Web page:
HC Deb 23 November 1938 vol 341 c1784W
Sir N. Grattan-Doyle

asked the Attorney-General whether he has seen the announcement of 5th November, that five solicitors were struck off the rolls after having been sentenced to imprisonment for fraudulent conversion; and will he again ask the Law Society to protect the public by strengthening their rules under the powers conferred by the Solicitors Act of 1932 or, alternatively, himself introduce legislation?

Mr. Liddall

asked the Attorney-General whether he is aware that, of the 45 solicitors convicted in the criminal courts for fraudulent conversion of clients' property during the five years ending December last, 39 were solicitors practising alone prior to conviction; and will he consult with the Law Society with a view to their refusing to license single-partner firms of solicitors unless their clients' property is held by the solicitor jointly with the Public Trustee, or to license single-partner firms after existing single-partner firms have died out?

The Attorney-General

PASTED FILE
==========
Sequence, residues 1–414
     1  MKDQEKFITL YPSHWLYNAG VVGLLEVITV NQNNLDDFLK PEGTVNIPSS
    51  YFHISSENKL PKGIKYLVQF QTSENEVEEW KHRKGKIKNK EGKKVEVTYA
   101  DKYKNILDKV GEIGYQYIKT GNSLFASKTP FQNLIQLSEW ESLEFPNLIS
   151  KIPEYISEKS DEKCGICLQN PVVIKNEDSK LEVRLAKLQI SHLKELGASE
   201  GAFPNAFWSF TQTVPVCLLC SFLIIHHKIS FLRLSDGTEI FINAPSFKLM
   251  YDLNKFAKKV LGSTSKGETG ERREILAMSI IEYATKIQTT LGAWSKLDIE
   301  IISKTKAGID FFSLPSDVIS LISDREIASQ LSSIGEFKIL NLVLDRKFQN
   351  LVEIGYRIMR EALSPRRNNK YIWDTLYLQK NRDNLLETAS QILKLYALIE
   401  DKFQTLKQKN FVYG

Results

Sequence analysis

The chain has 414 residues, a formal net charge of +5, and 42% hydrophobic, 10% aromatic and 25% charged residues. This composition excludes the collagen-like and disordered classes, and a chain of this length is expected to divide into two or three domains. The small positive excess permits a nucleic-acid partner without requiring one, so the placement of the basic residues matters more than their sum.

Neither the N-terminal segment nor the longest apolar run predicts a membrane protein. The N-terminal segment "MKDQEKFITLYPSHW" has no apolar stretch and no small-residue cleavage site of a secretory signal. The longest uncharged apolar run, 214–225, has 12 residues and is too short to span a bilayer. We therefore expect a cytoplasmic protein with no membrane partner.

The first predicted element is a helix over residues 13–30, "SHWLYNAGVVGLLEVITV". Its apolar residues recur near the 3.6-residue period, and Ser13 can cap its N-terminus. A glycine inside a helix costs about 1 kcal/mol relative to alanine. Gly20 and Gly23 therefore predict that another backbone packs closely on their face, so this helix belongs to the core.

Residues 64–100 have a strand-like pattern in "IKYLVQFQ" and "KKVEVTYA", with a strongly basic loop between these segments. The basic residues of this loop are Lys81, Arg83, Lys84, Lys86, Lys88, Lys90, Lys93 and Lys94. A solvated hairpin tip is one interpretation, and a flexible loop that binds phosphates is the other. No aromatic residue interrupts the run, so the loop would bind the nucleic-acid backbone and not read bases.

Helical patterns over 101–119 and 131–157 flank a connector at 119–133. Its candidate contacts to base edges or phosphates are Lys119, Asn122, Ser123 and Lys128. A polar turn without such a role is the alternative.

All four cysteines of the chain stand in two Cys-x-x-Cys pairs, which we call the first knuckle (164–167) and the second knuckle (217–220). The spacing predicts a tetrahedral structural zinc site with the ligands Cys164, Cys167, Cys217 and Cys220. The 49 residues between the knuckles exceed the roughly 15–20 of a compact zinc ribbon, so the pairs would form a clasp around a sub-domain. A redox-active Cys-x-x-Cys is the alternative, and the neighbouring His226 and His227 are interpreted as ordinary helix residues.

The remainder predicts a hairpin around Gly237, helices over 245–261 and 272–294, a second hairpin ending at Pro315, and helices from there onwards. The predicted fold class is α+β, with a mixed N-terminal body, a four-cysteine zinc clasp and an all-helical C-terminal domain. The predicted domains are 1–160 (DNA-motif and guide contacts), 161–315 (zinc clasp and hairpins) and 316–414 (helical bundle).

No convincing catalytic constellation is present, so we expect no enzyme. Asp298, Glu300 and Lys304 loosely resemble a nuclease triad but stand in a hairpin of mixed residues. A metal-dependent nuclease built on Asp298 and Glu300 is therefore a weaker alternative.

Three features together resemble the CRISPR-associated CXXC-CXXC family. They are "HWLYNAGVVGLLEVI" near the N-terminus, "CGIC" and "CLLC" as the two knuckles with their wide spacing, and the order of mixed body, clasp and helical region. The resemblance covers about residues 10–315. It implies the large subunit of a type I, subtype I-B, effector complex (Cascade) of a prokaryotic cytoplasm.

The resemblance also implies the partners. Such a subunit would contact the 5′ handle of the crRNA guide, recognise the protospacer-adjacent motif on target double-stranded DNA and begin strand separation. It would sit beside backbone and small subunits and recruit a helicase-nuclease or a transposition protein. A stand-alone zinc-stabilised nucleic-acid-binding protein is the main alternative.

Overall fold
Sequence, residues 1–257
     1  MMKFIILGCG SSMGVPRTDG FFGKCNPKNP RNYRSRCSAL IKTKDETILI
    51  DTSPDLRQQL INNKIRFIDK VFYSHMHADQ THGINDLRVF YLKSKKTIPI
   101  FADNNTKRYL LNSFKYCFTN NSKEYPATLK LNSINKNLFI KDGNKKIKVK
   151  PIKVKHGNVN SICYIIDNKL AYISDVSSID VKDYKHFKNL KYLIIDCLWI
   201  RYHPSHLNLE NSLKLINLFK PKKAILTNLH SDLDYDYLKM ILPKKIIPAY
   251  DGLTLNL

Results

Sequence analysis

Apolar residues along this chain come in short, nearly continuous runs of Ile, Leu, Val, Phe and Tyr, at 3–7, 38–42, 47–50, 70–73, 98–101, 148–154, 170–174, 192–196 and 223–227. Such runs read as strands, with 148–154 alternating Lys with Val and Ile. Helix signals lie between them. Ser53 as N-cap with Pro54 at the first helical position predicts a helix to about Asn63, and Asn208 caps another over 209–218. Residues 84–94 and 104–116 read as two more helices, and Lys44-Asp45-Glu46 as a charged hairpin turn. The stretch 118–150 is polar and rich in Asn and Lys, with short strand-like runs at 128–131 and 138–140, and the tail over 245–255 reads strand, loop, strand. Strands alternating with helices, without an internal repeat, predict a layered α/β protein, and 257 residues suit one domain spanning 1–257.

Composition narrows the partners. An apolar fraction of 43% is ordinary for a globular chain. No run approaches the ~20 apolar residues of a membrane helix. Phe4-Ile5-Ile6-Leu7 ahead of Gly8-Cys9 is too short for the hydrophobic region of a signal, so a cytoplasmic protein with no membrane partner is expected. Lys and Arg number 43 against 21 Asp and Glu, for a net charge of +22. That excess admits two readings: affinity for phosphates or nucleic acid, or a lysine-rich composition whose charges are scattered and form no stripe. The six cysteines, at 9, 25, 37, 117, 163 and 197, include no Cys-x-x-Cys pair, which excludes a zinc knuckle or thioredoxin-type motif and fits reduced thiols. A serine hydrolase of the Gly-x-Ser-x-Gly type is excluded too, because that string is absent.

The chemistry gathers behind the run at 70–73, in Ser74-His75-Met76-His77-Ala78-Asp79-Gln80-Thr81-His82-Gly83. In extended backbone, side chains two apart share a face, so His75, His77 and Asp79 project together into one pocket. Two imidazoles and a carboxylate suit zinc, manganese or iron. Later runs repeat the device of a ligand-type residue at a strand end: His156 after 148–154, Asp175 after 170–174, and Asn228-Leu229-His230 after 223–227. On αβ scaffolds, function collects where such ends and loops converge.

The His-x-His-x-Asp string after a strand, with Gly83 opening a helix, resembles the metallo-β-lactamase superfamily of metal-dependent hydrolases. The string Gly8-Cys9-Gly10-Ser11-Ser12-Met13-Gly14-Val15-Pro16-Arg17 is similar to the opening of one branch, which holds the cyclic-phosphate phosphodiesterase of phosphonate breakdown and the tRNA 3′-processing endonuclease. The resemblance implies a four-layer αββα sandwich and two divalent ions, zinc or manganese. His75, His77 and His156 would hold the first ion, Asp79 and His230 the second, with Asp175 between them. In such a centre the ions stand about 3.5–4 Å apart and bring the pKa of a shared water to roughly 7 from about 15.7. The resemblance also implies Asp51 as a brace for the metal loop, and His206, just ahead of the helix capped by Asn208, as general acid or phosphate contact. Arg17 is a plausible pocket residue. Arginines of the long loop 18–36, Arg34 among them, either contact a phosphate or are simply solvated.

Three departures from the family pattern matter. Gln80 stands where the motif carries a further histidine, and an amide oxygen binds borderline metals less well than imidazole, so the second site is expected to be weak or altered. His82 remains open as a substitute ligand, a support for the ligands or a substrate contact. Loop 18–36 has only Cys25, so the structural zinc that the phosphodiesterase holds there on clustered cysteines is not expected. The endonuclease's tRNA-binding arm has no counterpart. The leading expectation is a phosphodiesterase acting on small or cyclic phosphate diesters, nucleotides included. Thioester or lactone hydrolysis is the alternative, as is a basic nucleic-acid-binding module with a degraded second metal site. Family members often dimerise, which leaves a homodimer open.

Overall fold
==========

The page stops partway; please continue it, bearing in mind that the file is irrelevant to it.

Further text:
In view of the facts stated in them, my Noble and learned Friend the Lord Chancellor is in communication with the Law Society. He understands from them that the proposal contained in the question in the name of my hon. Friend the Member for Lincoln (Mr. Liddall) has received their very careful consideration and it is considered inexpedient. The Society have, however, decided to take certain further steps with a view to strengthening the safeguards in this matter, and, for that purpose, amongst other things, to promote legislation designed to enable them to take more effective and prompter action where cases of possible defaults by solicitors are reported and to exercise greater control over the issue of practising certificates. As these proposals are too extensive to be described in an answer to a Parliamentary question I am sending to my hon. Friends a copy of the Law Society's Gazette, in which the proposals are set out in a statement by the President of the Law Society.